Dear Sara: In 2015, my husband of 25 years and I ended our marriage. We got married after only knowing each other for a few days, … and it was rocky due to the fact that he drank alcohol daily for self-medication. He was abusive on several occasions, but I felt that until I had tried in every way to make it work. I would not give up on the vows I took. This was my second marriage. His mother did not care for me. She moved up here, she told me, with the intent to break up our marriage. She was successful, and he lives with her now, even though he is 59 years old.
Other than the drinking, I loved him very much and am having trust issues now with any other man I meet. I just want to be happy, but after all those years, soon as the judge said we were divorced, he has not spoken to me at all. Why cant a friendship be salvaged from a lifetime of being a couple? It scares me that he is acting so cold and shows no concern for me in any way. Other than drinking, he was good about everything else. He was a hard worker, contributing to the home and all. How can love turn to hate? Do some people turn feelings off like a faucet? It makes me feel like I wasted my life, my youth and my love on someone who can just turn me off. I can’t help wondering if he ever thinks of me at all.
I want closure, and I did not get it from him. I cannot understand how such a change can occur in someone considering the volume of time we spent together. Any advice would be appreciated because I remain confused and do not trust men now. I have lived alone for two years now. Why am I still having feelings for someone who could treat me in such a cruel manner? I am in counseling but have only gone twice now. I have other interests but keep coming back to that question: WHY?? I think I have a right to know what I did to make him change, so I can move on.
I do not like living alone, but am maintaining except for that nagging question that, until answered, will not let me experience closure of that portion of my life. He left me right after my father passed away and my mom had died four years earlier. I needed him more at that time than ever and he let me down. He cheated on me during our marriage a few times. I never did because I made a promise not only to him but also to God, society and to myself that I would do my best to make the marriage work. I still feel love for him. I wonder if something is wrong with me because I still care for someone who now views me as yesterday’s garbage. I am an attractive, educated woman in good health. What could be so bad that would make him turn on me with no explanation whatsoever? I just do not get it and if I can’t get it, how can I get over it? — J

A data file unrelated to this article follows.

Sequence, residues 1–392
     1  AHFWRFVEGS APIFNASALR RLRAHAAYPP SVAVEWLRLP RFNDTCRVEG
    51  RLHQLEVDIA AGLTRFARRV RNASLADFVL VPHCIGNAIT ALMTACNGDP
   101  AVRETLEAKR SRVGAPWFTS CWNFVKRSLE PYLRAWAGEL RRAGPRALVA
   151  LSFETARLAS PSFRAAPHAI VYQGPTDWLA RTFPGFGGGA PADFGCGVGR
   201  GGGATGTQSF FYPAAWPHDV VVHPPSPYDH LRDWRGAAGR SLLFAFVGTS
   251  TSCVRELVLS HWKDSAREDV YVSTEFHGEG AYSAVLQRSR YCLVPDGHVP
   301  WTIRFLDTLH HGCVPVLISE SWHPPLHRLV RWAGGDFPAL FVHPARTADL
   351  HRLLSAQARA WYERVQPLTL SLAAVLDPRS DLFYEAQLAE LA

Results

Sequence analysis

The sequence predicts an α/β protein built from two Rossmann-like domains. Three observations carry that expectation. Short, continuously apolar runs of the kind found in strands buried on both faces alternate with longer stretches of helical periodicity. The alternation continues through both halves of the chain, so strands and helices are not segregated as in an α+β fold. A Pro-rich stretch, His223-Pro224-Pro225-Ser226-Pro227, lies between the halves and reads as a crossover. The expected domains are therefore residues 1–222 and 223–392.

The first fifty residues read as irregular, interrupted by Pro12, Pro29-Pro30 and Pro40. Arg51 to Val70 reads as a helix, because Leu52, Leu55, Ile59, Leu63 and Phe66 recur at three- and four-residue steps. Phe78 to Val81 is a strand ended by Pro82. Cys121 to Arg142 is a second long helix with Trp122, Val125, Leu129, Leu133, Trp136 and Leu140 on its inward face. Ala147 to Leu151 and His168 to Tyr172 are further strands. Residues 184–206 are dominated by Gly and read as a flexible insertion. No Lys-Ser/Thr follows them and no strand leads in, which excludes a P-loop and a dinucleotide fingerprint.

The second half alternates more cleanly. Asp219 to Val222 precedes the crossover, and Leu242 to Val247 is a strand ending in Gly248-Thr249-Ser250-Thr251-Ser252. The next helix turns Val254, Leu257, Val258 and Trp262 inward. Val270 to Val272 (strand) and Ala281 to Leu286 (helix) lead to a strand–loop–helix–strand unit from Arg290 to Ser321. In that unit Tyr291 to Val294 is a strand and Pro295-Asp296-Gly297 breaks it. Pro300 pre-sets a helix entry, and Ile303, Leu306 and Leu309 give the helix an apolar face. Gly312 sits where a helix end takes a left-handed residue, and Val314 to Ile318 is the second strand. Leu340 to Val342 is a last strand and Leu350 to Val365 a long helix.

Dear J: I’m so sorry to hear you are going through all this. This is a tough and painful situation, so I think it might be useful to separate what you know from what you don’t know. You know that you had a difficult marriage and that your ex-husband had a lot of problems, like alcoholism, that have nothing to do with you. You know that he has cut off contact with you, but you don’t actually know how he is feeling right now. You’re assuming that his silence means that he no longer has any feelings for you, that your 25 years together meant nothing to him. But you don’t really know that. His silence could also be an indication that he is in a lot of pain too and that cutting off contact with you is his way of dealing with it. Maybe it’s just too painful for him to be friends with you. I’m not condoning his behavior—drinking is another way that people deal with painful emotions, but that doesn’t mean it’s a good idea. I’m just saying that the two of you might have different ways of managing the trauma of your divorce.
But hopefully, your marriage taught you that you can’t change him, so I suggest focusing how you can work with your own feelings of loss. First, forgive yourself if you aren’t over him yet. 25 years is a very long time, and it makes complete sense that you wouldn’t be able to, in your words, “shut off feelings like a faucet.” You’re still grieving and that’s okay, that’s to be expected. You are going to have good days and bad days, good hours and bad hours, good minutes and bad minutes. So I think the challenge is not to “shut off” your feelings, but to work on making the periods of peace and calm longer, and the periods of distress shorter. I have found that mediation is a good way to work with this, and I’ve also found some helpful tools in a book called The Happiness Trap.
Your ex might not be able to give you the closure that you’re seeking. So I suggest finding ways to give that to yourself. As you have said you did your very best. You tried hard, and you were faithful. So please honor all the things you did right in your last relationship and know that they will serve you well in the next one.
Sara Eckel is a personal coach and the author of It’s Not You: 27 (Wrong) Reasons You’re Single. You can get a free bonus chapter of her book at saraeckel.com. You can also find her on Twitter and Facebook. Ask her questions here.